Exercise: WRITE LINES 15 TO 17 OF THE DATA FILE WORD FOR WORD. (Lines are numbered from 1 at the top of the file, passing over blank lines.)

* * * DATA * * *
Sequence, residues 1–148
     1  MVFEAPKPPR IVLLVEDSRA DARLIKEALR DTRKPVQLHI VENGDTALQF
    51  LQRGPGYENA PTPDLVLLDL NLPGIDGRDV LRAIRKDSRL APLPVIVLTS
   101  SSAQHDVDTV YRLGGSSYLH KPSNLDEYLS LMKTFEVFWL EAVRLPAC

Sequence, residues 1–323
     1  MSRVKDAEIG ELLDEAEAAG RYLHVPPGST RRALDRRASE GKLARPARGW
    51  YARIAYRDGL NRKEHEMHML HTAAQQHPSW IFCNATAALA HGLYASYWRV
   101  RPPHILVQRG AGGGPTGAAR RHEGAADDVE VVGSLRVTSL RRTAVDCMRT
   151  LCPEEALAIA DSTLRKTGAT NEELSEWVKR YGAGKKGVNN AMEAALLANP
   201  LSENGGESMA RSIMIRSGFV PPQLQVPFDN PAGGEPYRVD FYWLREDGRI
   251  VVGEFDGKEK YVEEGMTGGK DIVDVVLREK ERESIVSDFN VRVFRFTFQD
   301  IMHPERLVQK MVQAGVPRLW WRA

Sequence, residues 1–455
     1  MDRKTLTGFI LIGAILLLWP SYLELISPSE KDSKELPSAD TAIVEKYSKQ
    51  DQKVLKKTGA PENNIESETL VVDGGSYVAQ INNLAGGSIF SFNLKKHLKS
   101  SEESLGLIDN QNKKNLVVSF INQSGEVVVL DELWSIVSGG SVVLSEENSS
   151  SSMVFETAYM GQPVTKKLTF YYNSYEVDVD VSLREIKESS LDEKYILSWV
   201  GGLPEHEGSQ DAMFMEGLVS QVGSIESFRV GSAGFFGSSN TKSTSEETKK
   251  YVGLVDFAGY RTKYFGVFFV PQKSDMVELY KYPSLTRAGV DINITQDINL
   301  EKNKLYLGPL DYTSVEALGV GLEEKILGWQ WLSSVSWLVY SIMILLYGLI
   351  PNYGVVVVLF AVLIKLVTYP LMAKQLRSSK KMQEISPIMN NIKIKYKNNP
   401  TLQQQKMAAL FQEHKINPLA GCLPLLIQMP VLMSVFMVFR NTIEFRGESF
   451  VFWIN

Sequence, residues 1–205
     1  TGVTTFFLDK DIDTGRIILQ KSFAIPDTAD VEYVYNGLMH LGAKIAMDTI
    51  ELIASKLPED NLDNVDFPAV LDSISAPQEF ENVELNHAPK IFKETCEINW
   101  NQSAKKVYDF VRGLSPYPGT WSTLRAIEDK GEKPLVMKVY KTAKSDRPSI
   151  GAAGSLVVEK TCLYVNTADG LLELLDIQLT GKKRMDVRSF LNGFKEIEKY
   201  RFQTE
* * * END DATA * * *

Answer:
    51  DQKVLKKTGA PENNIESETL VVDGGSYVAQ INNLAGGSIF SFNLKKHLKS
   101  SEESLGLIDN QNKKNLVVSF INQSGEVVVL DELWSIVSGG SVVLSEENSS
   151  SSMVFETAYM GQPVTKKLTF YYNSYEVDVD VSLREIKESS LDEKYILSWV